The Mishnah implies that one may not be inside a city that “contains avodah zarah.” The question is: What is meant by the clause, a city that contains avodah zarah? This is the subject of a dispute among the early authorities. Most rishonim (e.g., Rashi, Avodah Zarah 11b; Raavad, to Hilchos Avodah Zarah 9:9) explain that the Mishnah is prohibiting entering a city on a day that there is a big festival in honor of a deity. One may not visit the city that day, because people may think that he is entering the city in order to buy or sell from those observing a holiday. This is prohibited, because his financial dealing with the idolaters may cause them to thank their god for the commerce that was provided, which means that the Jew caused a gentile to worship idols. According to this approach, one may enter a city that contains idols when no festival is being celebrated.

However, the Rambam understands the Mishnah differently, prohibiting entering any city that contains idols. To quote him:

You should be aware that it is prohibited to travel intentionally through any city in which there is a temple of avodah zarah, and it is certainly prohibited to dwell in such a city. However, we are under their control and we live in their lands against our will… if this is the law regarding the city, it is certainly so regarding the temple building itself. It is almost prohibited for us to see it, and, certainly, we may not enter it (Rambam, Commentary to Mishnayos, Avodah Zarah 1:4). The Rambam rules the same in his Mishneh Torah (Hilchos Avodah Zarah 9:9), stating that one may not enter a city that contains an idol.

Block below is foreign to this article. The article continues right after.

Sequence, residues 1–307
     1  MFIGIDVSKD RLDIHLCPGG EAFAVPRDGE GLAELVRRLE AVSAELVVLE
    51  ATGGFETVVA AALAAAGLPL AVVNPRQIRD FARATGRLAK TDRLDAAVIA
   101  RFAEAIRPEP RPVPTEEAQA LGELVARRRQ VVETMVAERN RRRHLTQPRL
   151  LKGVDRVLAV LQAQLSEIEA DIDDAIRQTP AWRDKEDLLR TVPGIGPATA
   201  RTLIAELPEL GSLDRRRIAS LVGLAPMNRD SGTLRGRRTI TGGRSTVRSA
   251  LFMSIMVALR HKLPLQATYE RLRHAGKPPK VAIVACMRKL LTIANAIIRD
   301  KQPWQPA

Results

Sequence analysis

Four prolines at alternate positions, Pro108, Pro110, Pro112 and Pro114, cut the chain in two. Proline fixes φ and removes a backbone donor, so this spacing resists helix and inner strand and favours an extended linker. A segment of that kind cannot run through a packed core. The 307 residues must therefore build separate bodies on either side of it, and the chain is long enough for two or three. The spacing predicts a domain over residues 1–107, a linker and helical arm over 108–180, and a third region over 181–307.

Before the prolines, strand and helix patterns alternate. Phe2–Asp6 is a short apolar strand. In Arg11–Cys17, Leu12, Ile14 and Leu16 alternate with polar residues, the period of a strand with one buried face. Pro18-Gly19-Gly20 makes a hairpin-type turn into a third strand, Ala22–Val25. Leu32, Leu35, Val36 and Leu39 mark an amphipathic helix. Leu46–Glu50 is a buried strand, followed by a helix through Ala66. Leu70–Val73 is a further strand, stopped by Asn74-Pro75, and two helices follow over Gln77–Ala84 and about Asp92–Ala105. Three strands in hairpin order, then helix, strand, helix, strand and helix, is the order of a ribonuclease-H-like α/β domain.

How do we rule?

The Shulchan Aruch (Yoreh Deah 149:1) rules according to the majority opinion, meaning that it is prohibited to enter a city containing a building intended for idol worship only on a day when there is a festival. The Shach, however, appears to disagree, quoting the Rambam’s opinion as normative halachah. The accepted practice follows the Shulchan Aruch.

However, the Shulchan Aruch is permitting entering only a city that contains an idol. All authorities prohibit entering the house of worship itself. This is based on a passage of Gemara (Shabbos 116a) that states that if someone is being pursued by either a person or a snake that is trying to kill him, he may enter a house of idol worship. Obviously, it is prohibited to enter such a building for any other reason (Shu’t HaRosh 19:17; Tur and Shulchan Aruch, Yoreh Deah 157:3).

Abizraya de’avodah zarah